Banking and Finance Careers Background
Banking in the United States emerged immediately after the Revolutionary War. The First Bank of the United States was a federally chartered bank established to print money, purchase securities (stocks and bonds) in companies, and lend money. It also was responsible for establishing lending rules that state banks would have to follow. At the end of the 20-year charter, Congress refused to renew the First Bank’s charter because of concern about the power that the bank held. The bank was subsequently closed.
Another federal bank followed but only remained operational for four years before it suffered the same fate as the First Bank. With the demise of the federal banks, state banks quickly grew in power and size. Each bank was allowed to issue its own currency, which created an enormous fluctuation in the number of dollars actually in existence. This, in turn, influenced the value of each dollar.
If the bank produced too much money, or lent money and did not receive enough of it back, the bank would close and depositors would lose everything they had invested. This instability was a continual problem throughout the 1800s, but particularly from 1800 to 1863, an era known as the Wildcat Period.
In 1863–64, the government took steps that would eventually drive the banks’ currency out of use. The National Banks Act was passed to charter state banks, issue national currency, and eventually tax the usage of bank currency. The taxation effectively killed all but the national currency.
In 1913 Congress established the Federal Reserve. In response to a series of financial panics set off by the limited number of dollars being printed, the Federal Reserve was established to act as the government’s central bank. It was divided into 12 districts, with a board of governors to determine policy, supervise the fluctuation of currency reserves for banks, and print currency.
In 1792, the forerunner of the New York Stock Exchange was started, allowing investors to buy stocks (a portion or share of the company) and bonds (a loan note from a company or the government to an individual lending money). With few controls on the purchase of stocks and bonds, investors in the stock market were able to receive great profits from companies that performed well. Investors were able to buy stocks and bonds with as little as 10 percent down.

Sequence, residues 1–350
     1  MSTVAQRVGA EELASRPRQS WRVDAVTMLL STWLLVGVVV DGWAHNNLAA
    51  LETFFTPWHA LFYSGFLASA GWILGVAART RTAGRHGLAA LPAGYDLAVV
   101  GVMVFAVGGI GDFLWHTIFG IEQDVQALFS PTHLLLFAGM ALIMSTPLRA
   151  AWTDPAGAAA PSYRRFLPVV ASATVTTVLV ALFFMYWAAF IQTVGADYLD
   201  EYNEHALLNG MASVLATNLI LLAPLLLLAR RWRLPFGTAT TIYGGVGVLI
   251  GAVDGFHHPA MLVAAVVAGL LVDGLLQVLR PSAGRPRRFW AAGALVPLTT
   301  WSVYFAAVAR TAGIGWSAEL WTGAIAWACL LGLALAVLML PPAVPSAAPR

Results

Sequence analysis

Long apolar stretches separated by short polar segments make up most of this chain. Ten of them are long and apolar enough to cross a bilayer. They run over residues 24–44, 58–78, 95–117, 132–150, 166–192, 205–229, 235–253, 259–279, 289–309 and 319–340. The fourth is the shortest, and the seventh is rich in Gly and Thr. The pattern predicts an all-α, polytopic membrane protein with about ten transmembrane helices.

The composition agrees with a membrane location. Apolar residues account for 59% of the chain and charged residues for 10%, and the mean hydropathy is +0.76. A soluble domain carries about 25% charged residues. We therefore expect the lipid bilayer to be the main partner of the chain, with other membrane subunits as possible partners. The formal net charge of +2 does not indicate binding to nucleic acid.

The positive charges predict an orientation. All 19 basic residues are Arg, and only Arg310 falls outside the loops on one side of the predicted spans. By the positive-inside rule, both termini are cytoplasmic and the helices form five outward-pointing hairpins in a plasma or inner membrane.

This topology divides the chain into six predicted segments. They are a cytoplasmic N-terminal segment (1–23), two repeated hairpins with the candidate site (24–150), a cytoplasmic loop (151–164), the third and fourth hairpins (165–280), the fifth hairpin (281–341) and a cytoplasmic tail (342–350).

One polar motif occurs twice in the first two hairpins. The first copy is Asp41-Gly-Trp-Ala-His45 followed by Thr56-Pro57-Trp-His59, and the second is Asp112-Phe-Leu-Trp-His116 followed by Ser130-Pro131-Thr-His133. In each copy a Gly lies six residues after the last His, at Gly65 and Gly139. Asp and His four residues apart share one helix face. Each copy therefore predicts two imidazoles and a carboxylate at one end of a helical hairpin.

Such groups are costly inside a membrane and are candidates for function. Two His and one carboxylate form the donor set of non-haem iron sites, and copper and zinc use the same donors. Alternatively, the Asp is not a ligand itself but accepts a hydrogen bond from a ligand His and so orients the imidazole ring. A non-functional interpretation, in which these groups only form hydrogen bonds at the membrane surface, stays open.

From 1919 until 1929, more than $50 billion of new stocks and bonds was sold to the public. By 1932 almost half were worthless. Stock purchases had over-inflated the value of the company stocks. When panic set in, the prices collapsed. The market crash of 1929 marked the beginning of the Great Depression, a period of economic crisis and low business activity that lasted through most of the 1930s. The market crash also led to the passage of the Securities Acts of 1933 and 1934, which greatly strengthened previously established methods of self-regulation and public disclosure. Each provision in these acts was directed at a previous abuse. The far-reaching Securities Act of 1933 provides for the full disclosure of all facts relating to new issues and is known as “the truth in securities” act. Because of the market crash, the government and industry representatives jointly acted to restore investor confidence in the securities markets.